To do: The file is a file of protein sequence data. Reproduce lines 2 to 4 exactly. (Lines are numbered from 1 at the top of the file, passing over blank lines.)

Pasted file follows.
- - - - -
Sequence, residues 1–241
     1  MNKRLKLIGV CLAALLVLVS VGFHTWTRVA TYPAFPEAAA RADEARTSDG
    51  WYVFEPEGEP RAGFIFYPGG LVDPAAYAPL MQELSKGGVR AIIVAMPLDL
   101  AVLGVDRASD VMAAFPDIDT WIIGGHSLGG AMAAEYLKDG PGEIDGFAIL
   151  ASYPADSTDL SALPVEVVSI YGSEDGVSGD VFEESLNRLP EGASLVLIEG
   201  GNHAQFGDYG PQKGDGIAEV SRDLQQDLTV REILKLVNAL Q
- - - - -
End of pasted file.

     1  MNKRLKLIGV CLAALLVLVS VGFHTWTRVA TYPAFPEAAA RADEARTSDG
    51  WYVFEPEGEP RAGFIFYPGG LVDPAAYAPL MQELSKGGVR AIIVAMPLDL
   101  AVLGVDRASD VMAAFPDIDT WIIGGHSLGG AMAAEYLKDG PGEIDGFAIL